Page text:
Okay, so I’ve decided to start transferring the specific livejournal entries that deal with my loss of faith. This entry was written in December of 2006. John and I had been separated since late summer, and had recently started meeting and going on little family dates — outings at the park and whatnot. I was in a transitional phase in my life, and more certain and sure of myself as a mother and a wife.
At that time, I still believed in God. Jesus I wasn’t so convinced on — I thought he was probably a wise man and a prophet, but I did not believe he was born of a virgin and I seriously doubted he was the actual son of god. I had been raised mormon, and by 2006 I had (temporarily) resolved my concerns about the inaccuracies in the LDS faith by saying that although I did not believe the LDS church had the fulness of the gospel, I did think of all the religions currently on earth, they were the most accurate.
Of course, now I realize that being the most accurate religion is a bit like saying I think Harry Potter was a better wizard than Gandalf. It doesn’t really matter, because we’re arguing a fictional point. Anyway, without further ado:
The Nature of God
December 14, 2006
I am consistently fascinated and appalled at mankind’s constant presumption. How those who, by the simple expedient of being raised ‘Christian’, or ‘accepting God’ then presume to know His mind. How could a mortal ever comprehend the eternal nature of God?
In the Old Testament, we see a God of fire and punishment. In the New, we are told of his love and forgiveness. It has been theorized that the wicked nature of man provoked the fire and punishment, but I wonder. Has the nature of mankind changed so dramatically that we no longer require cities to be laid to Heavenly fire and sword? Or is it merely that, since man is based on God, our capacity for growth and change is reflected in Him? Interesting questions.
I love listening to people who take the Bible literally. It’s so interesting to hear their arguments. They tell me we cannot understand the mind of God when I question the nature of the Trilogy, but in the next breath, they insist that the world was created in a span of seven earthly days and that homosexuality is evil. The Bible says so.
I ask, how do we know the length of a Heavenly day? Perhaps a Heavenly hour spans earthly centuries, a Heavenly day earthly millennia. Perhaps God works by natural laws, and the theory of evolution is not, in fact, a mockery of God’s work. By that reasoning, God’s fingerprints are clearly visible in every scientific precept. Atoms and genetic strands are the voice of God, if we could but understand. One wonders, however, if we are meant to understand. If the mysteries we are here to unravel are less to do with God’s creations and more to do with emotional and spiritual growth.
It seems, to me at least, that homosexuality cannot be a sin. I say this because of the negative feelings directed toward it, not just in recent years but also throughout most of history. In the face of such overriding disapproval, alienation from friends and family, it seems that only someone who is self-destructive and possibly insane would voluntarily choose such a lifestyle. If homosexuality were a choice, it would have died out long ago because of the intense negativity connected with it. So it stands to reason that there is some genetic cause for it. Therefore, as man is created by God and in his image, it also stands to reason that God knows and understands homosexuality, having created it.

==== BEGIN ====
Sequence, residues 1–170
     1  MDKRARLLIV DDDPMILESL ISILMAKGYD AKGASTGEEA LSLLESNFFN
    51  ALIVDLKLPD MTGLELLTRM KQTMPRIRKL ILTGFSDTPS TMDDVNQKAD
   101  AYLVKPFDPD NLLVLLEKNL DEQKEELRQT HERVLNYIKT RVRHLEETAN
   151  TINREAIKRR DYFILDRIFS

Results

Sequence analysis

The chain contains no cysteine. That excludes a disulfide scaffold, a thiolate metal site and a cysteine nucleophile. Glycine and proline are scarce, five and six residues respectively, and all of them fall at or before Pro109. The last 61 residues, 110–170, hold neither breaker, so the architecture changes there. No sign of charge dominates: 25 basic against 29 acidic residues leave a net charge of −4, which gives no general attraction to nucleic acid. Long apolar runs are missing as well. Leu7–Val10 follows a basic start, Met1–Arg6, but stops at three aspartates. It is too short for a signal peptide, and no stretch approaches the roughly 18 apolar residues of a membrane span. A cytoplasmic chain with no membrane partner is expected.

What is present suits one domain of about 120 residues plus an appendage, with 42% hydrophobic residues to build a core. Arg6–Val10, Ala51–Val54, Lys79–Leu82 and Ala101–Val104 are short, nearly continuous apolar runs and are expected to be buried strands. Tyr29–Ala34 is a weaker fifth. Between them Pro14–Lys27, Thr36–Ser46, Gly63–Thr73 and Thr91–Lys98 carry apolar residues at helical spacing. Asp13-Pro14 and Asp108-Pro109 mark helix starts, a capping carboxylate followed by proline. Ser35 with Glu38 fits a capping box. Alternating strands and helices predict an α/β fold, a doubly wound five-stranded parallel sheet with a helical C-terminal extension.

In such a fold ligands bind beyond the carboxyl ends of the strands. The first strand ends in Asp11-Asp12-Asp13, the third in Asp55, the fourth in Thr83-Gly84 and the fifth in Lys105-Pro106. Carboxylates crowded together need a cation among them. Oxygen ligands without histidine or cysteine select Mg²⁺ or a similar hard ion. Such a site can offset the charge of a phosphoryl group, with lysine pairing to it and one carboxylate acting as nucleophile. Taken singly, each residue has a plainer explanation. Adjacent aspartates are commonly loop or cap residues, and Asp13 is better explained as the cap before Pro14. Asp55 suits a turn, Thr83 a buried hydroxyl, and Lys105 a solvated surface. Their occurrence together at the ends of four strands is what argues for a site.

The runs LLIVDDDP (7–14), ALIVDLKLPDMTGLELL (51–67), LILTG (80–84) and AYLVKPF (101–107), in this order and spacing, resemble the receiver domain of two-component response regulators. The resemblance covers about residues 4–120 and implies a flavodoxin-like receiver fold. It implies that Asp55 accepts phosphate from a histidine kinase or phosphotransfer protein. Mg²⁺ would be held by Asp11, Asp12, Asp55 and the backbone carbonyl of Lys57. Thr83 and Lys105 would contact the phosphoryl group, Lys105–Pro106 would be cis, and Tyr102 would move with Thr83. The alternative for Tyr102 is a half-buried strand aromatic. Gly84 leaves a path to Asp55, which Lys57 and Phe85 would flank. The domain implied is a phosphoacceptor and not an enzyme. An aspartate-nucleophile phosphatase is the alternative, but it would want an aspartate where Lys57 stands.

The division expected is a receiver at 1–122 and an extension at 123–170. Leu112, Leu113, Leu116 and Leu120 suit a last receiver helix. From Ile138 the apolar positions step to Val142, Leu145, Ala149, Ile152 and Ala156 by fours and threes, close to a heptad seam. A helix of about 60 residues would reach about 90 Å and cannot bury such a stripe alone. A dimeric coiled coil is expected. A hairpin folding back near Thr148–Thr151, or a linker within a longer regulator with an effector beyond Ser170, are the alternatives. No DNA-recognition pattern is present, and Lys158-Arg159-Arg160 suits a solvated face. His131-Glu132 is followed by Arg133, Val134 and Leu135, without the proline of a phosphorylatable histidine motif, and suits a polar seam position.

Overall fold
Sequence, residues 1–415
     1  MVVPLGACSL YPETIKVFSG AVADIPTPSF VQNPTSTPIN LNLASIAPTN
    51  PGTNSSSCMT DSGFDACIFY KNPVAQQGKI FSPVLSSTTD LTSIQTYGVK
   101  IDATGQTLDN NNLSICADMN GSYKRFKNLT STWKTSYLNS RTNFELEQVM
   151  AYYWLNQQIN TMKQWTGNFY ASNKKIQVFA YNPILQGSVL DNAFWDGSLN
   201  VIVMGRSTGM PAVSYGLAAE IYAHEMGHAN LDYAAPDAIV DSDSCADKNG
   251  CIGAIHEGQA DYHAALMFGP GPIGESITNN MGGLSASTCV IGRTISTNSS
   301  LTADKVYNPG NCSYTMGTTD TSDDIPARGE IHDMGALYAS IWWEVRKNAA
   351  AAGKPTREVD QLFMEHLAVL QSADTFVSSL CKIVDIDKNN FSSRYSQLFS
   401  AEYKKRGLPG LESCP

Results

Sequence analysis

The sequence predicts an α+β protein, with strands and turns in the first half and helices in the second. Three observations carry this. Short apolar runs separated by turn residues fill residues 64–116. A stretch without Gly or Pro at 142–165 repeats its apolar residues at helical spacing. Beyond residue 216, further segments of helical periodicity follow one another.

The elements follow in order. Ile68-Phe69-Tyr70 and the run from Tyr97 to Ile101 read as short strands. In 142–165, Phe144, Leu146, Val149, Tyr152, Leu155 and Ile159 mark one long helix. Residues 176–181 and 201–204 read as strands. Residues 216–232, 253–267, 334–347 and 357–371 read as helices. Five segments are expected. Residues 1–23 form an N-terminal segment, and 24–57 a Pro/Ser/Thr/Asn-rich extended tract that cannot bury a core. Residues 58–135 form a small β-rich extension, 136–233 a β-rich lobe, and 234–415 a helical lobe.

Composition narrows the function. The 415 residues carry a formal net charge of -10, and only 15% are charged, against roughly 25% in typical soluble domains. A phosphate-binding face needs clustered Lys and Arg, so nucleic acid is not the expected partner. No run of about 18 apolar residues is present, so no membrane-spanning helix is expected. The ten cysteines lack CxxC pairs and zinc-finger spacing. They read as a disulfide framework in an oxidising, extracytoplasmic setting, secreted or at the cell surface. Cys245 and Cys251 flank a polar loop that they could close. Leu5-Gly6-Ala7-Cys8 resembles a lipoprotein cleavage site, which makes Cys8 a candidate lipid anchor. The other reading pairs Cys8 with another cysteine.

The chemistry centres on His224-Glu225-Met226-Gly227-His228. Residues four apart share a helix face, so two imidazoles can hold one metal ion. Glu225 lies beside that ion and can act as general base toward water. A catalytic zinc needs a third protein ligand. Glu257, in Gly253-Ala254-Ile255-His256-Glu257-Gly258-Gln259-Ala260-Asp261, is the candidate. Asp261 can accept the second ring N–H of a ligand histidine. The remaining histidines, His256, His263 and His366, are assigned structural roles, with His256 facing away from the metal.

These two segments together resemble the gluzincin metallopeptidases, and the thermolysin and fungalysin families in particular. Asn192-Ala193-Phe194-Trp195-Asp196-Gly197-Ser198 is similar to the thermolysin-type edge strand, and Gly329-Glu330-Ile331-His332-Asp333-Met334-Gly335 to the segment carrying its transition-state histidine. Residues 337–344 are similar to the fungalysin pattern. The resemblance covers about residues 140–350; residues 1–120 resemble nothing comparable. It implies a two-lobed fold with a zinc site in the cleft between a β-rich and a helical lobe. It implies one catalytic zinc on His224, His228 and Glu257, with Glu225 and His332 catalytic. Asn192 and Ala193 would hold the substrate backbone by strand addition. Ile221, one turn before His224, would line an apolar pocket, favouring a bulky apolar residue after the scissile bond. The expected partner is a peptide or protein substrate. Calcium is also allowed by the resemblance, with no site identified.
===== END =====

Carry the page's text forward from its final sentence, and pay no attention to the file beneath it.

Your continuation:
It is argued against because the Bible said, “Go forth and multiply,” as well as that a “man shall not lie with a man.” Interesting, and with valid arguments against it. If one were so inclined (and I am), one could also point out that the Bible is not just a religious book, but also a historical and political book. The words brought down to us, given to us in our modern tongue, are only a part of those originally recorded.
Men have edited them, throughout centuries. Men with political agendas, men who have built kingdoms and waged wars based on what they interpreted. I have been told that those men were inspired of God, that they acted as hands of God, writing exactly what he desired. I find that interesting. Does God not have His own (literary) voice?
I’m not saying I expected God to write the book Himself, but one does wonder why, if all these men were divinely inspired of Him, they each have a distinctive writing style, with no common voice. I have been told that, though these men were divinely inspired of God, they were still men, with disparate personalities. Which brings us back to the nature of man.
As they were still men, mortal and fallible, is it not conceivable that they spun their own interpretations and preconceptions on the inspiration they were given? It is not possible that their own prejudices and political leanings were given voice? Is it not possible that we have been learning not just God’s will (to forgive and love our brethren), but also the will of some human scribe, whose name has been lost to memory, though his ideas live on in the guise of the prophets whose words they were supposed to be recording?
As I walk through life, I try to remember several basic, immutable precepts. First, no man should judge another; we do not have a complete understanding. Second, “As you have done it unto the least of these, my brethren, you have done it unto me.” In other words; “My mom says if you can’t say anything nice, don’t say anything at all.” The same goes for actions as words.